The Worst of the Worst
We conclude that the War Crimes Act does not apply to the interrogation of al Qaeda and Taliban detainees because, as illegal belligerents, they do not qualify for legal protections under the Geneva or Hague Conventions that section 2441 enforces.
—John Yoo, Memorandum, March 14, 2003
The abuse, rising to the level of torture, of those captured and detained in the war on terror is a defining feature of the presidency of George W. Bush.
—Philippe Sands, “The Green Light” (Vanity Fair May 2008)
We would interrogate some of these guys just to interrogate ‘em, and it was ridiculous. I mean, you’d get some of these guys in and you’re like, “This is the wrong man, it’s just not who we’re supposed to have.”
—Pfc. Damien Corsetti
In the “infamous torture chambers left over from Saddam Hussein” at Abu Ghraib, “there were fingernail marks on the walls and bloodstains on the guillotine.” Walking through the rooms, says by Eric Lahammer, a former U.S. military interrogator, “It was a pretty surreal feeling.” Dark shadows intimate the scene, partly remembered, partly repressed, as Pfc. Damien Corsetti corroborates, after a fashion: “Put people into crazy situations,” he says, “and people do crazy things.”
According to Taxi to the Dark Side, Alex Gibney’s extraordinary, harrowing, and Oscar-winning documentary, these “crazy things” were not accidental, deviant, or the work of a “few bad apples.” Rather, the “enhanced interrogation techniques” committed by U.S. troops and civilians has been ordained and conditioned by the Bush administration. Specifically, the abuse and abusers have been granted legal and a perverse sort of moral cover by the twisting of language and concepts, deliberate efforts to “get around” long-held “rules” of war.
The film, which premieres on HBO 29 September, begins and ends its exploration with Dilawar, a 22-year-old Afghan taxi driver who was picked up and delivered to the Bagram Air Force Base prison in December 2002. Five days later, he was dead. Sgt. Thomas Curtis, one of the Military Police at Bagram, remembers, “There was definitely a sense of concern because he was the second one. You wonder, was it something we did?” Dilawar’s demise was officially termed a homicide, like the first detainee to die at Bagram, Habibullah. Captured by a warlord and handed over to the U.S. just days before Dilawar, Habibullah as deemed “an important prisoner,” hooded, shackled, and isolated, periodically beaten for “noncompliance.”
Autopsies showed that Dilawar and Habibullah had similar injuries, including deep bruises all over their bodies; according to the Army coroner, Dilawar suffered “massive tissue damage to his legs… his legs had been pulpified.” When most of the charges associated with the cases were dropped, the officer in charge of interrogation at the prison, Captain Carolyn Wood, was awarded a Bronze Star for Valor and, following the Iraq invasion in 2003, she and her unit were sent to Abu Ghraib.
As Gibney’s film demonstrates, the techniques used at Abu Ghraib, Guantánamo, and other sites have several points of departure, each chilling in its own way. Consider, for one, the admission by Condeelezza Rice that the National Security Council discussed torture by the CIA in 2002 and 2003 (noting this admission on the Huffington Post, Gibney calls the Bush administration “the Torture Team”). For another, the film’s title refers to the pronouncement by Dick Cheney that motivates Taxi’s title (along with the title of Jane Meyers’ book, The Dark Side: The Inside Story of How the War on Terror Turned into a War on American Ideals. Appearing on Meet the Press during the week after 9/11, the vice president also known as Darth Vader asserted, “We have to work sort of the dark side, if you will, spend time in the shadows in the intelligence world. A lot of what needs to be done here will have to be done quietly, without any discussion, using sources and methods available to our intelligence agencies, if we’re going to be successful.”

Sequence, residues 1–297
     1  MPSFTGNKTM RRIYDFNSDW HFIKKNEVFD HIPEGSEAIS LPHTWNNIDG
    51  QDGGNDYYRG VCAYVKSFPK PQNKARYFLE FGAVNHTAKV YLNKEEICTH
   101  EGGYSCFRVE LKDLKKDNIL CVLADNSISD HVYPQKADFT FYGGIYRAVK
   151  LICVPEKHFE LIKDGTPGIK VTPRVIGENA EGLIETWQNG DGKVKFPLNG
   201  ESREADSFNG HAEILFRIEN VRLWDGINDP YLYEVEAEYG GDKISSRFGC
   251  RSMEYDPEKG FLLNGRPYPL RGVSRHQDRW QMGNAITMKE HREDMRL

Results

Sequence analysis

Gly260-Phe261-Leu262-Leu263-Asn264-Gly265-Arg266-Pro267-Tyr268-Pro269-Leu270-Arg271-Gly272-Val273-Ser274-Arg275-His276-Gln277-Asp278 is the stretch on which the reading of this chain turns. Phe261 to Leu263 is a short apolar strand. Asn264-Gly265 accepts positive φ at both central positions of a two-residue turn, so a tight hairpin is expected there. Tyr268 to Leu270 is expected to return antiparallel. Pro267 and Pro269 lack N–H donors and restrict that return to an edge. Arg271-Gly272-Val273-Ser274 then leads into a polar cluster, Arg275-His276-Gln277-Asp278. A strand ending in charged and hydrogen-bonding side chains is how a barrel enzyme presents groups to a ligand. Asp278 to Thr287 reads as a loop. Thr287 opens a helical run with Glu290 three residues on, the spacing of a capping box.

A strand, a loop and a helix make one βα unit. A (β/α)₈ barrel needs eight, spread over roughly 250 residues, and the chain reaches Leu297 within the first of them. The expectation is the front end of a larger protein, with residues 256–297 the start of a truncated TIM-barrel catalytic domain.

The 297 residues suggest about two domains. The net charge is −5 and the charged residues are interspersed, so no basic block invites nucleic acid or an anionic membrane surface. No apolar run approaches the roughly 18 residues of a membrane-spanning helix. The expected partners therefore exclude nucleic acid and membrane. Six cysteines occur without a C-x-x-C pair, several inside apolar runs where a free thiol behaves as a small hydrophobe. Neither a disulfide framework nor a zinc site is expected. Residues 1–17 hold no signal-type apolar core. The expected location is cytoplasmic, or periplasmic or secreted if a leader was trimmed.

This working of the “dark side” has been simultaneously notorious and secret, planned and haphazard, illegal and, in some instances, calculated to toe a seeming legal line. Above all, the film argues, the work was instigated and often overseen by military officers and administration officials, who created a “fog of ambiguity, coupled with great pressure to bring results,” such that young, untrained soldiers were following orders that were not spelled out. Chief among these sources of confusion is John Yoo’s now notorious January 2002 torture memo,” Then deputy assistant attorney general in the Office of Legal Counsel, Yoo advised the suspension of the Geneva Conventions in cases deemed appropriate by the president. Taxi describes the memo as giving “legal cover for the CIA and Special Forces to embark on a secret program of previously forbidden interrogation techniques,” including the use of dogs, nudity, stress positions, sleep deprivation and waterboarding. This even as military lawyers disputed such methods, because their use left soldiers vulnerable to criminal charges—though, as it has turned out, those who directed them have not been subject to prosecutions.